The plot of land that has been known for a decade as "the pile," "the pit" and "Ground Zero" opened to the public for the first time since that terrible morning in 2001, transformed into a memorial consisting of two serene reflecting pools ringed by the engraved names of the nearly 3,000 souls lost.
The 9/11 memorial plaza opened its gates at 10 a.m. Monday under tight security. Visitors were allowed to walk among hundreds of white oak trees on the 3.2-hectare site and gaze at the water where the World Trade Center's twin towers stood.
They were also able to run their fingertips over the etched-in-bronze names of the 2,977 people killed in the terrorist attacks in New York, at the Pentagon and in Pennsylvania, as well as the six slain during the bombing of the trade centre in 1993.
The memorial plaza opened to the families of the victims for the first time on Sunday, the 10th anniversary of the attacks.
Sufia Simjee of Baltimore travelled to New York City to mourn her cousin, Nasima H. Simjee, a financial analyst killed on Sept. 11.
She said family members never received Nasima's remains; now, at least, they have a place to leave flowers.
"It gives us a place to honour her," she said.
Although thousands of construction workers have come and gone from the site over the years, Monday marks the first time that ordinary Americans without a badge, a press pass or a hard hat were able to walk the grounds.
"It will do what the terrorists tried to prevent, which is we've created a place where, regardless of political stripes economic class, ethnicity, country of origin, people will be coming together, paying their respects at a place that's been transformed from one that was noted for such pain ... to a place of stunning beauty," memorial president Joe Daniels said last week as preparations were made for opening day.
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Admission is free, but access is being tightly controlled. Visitors need to obtain passes in advance, allowing them to enter only at a specified time. No more than about 1,500 people at a time were to be allowed inside.
Visitors have to empty their pockets, walk through a metal detector and send their handbags and backpacks through an X-ray machine.
Some 400,000 people have already reserved tickets for the coming months, Daniels said.
Much of the memorial complex is still under construction and will remain so for another year. The museum pavilion, a tilting structure that subtly evokes the sections of the trade center facade that remained standing after the towers fell, is scheduled to open on the 11th anniversary of the attacks.
The underground portion of the site won't open until 2012, meaning visitors will have to wait to see sights like the giant slurry wall, built to keep the Hudson River from flooding the trade centre's foundations, or the survivor's staircase that allowed so many people to flee to safety.
But seeing the names was enough for many of the families.
"It breaks me up," said David Martinez, who watched the attacks from his office in Manhattan, and later learned that he had lost a cousin and a brother — one in each tower.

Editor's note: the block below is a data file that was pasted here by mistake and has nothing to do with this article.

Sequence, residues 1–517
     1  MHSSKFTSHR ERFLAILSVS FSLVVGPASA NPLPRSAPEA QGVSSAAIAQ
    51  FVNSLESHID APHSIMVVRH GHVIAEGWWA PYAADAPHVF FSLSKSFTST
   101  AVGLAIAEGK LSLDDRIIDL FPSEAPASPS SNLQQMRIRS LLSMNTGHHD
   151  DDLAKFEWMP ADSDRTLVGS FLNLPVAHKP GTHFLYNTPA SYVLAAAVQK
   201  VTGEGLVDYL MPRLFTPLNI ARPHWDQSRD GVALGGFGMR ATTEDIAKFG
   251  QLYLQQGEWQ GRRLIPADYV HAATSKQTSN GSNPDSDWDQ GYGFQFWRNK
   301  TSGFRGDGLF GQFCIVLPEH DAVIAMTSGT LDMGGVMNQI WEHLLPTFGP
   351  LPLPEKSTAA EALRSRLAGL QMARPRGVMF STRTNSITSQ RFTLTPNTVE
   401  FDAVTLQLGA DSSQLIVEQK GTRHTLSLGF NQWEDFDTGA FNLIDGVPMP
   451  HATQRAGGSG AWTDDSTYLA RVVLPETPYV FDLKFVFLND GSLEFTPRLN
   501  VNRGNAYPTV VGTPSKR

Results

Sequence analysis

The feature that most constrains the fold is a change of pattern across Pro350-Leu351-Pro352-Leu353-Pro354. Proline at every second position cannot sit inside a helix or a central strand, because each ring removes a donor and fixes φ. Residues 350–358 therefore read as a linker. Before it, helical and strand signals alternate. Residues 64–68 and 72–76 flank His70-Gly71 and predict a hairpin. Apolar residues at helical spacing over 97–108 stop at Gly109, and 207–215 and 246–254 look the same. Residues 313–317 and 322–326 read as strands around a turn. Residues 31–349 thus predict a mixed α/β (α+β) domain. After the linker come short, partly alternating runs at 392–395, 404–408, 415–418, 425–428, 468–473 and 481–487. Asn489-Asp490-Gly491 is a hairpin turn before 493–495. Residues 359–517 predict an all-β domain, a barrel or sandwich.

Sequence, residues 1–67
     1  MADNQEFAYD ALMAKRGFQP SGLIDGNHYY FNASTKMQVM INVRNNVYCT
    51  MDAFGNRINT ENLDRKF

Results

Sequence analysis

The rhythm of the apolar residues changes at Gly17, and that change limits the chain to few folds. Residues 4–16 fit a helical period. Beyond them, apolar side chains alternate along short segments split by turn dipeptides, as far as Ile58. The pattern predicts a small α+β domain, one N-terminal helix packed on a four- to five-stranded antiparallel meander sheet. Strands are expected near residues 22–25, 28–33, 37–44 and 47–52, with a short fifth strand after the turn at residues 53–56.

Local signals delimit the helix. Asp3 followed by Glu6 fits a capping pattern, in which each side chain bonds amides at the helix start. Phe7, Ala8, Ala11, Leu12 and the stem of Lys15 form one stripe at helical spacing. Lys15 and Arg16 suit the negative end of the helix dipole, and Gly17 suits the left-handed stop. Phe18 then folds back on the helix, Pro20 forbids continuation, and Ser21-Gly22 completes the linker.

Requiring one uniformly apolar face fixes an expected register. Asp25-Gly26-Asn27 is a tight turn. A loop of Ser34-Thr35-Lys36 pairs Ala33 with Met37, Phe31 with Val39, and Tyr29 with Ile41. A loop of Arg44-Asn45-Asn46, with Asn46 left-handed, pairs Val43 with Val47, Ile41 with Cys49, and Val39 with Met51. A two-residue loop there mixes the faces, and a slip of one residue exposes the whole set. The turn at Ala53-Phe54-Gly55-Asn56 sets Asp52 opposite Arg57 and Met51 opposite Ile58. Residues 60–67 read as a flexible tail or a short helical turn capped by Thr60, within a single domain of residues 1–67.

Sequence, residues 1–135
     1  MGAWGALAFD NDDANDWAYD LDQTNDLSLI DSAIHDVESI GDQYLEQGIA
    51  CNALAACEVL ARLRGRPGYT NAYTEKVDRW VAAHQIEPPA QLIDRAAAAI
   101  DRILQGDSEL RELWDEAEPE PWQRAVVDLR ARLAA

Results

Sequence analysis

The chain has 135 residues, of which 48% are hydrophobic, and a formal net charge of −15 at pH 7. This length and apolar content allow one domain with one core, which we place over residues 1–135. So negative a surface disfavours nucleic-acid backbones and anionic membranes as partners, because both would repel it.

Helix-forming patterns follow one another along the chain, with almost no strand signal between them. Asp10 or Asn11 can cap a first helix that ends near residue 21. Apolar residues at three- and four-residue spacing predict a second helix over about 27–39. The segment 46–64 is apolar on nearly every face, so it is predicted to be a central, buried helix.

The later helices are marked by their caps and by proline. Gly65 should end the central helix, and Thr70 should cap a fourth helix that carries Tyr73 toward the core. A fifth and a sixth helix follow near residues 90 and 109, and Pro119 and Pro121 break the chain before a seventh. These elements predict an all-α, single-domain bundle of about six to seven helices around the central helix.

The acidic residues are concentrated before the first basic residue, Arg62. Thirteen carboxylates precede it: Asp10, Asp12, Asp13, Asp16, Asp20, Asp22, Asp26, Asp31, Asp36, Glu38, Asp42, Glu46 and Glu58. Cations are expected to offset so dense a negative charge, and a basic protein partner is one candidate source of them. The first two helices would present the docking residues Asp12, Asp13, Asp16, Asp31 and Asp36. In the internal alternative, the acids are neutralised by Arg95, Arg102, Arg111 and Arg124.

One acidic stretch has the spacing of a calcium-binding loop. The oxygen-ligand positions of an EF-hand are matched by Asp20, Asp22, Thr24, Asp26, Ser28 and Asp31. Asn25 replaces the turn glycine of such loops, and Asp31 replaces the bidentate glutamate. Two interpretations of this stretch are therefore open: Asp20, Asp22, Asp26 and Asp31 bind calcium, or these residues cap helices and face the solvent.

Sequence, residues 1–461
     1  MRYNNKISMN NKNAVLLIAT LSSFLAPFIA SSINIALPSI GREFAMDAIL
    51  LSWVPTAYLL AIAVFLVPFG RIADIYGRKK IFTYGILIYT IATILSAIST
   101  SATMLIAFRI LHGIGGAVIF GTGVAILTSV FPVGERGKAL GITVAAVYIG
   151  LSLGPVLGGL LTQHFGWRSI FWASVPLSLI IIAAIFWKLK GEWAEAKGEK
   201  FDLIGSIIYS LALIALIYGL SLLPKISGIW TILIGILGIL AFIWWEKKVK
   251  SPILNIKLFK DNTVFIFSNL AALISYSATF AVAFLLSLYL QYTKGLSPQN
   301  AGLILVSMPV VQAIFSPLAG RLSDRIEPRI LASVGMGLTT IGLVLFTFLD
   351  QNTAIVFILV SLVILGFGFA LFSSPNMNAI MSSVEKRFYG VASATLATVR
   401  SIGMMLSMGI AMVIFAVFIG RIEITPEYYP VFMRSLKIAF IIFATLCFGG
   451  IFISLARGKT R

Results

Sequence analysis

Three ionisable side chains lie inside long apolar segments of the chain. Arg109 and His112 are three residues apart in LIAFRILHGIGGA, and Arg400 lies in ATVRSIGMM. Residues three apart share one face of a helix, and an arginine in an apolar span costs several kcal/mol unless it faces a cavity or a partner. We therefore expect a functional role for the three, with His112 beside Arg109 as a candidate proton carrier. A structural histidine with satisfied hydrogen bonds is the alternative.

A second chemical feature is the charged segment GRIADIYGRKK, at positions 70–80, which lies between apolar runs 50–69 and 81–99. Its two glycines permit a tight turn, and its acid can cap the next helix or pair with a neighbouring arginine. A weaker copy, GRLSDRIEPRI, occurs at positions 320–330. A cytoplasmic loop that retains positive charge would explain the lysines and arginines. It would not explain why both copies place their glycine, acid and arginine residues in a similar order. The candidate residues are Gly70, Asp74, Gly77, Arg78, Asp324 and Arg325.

Debra Burlingame, whose brother, Charles, was the pilot of American Airlines Flight 77, cried when she found his name, grouped with other crew members and passengers aboard the flight.
"These are all his crew," she said. "I know all their families. These passengers, I knew their families. These people are real people to me. It's very touching to see all these people here together."
The cost of the memorial and museum has been put at about $700 million, with an annual operating budget of $50 million to $60 million. The organizers have raised about $400 million from private donations and are seeking federal funds so that the memorial and the museum can be free of charge.
The centrepiece of the memorial is the two giant, square pits and reflecting pools that sit in the footprints of the two towers. The waterfalls cascading down the four walls of each fountain are the largest such fountains in North America.
'I think people will have that very special feeling of stepping on ground that the public has not in the last 10 years.' —Joe Daniels, memorial president
Skyscrapers are now pushing upward all around the plaza, and the roar of construction will be a constant at the site for some time.
One World Trade Center, the spire once called the Freedom Tower, is now 1,000 feet high and is well on its way to becoming the tallest building in the U.S. at 1,776 feet. The steel skeleton of the new 4 World Trade Center is 47 stories high and counting.
The memorial foundation has arranged for a separate entrance for relatives of the victims and plans to set aside certain days or hours where the plaza will be open only to firefighters, police officers and other emergency workers.
"I think people will have that very special feeling of stepping on ground that the public has not in the last 10 years," Daniels said.
As for the tight security, he said: "It's an inconvenience, but if you think about any site in the world, I think this is a place that people will expect to go through some security."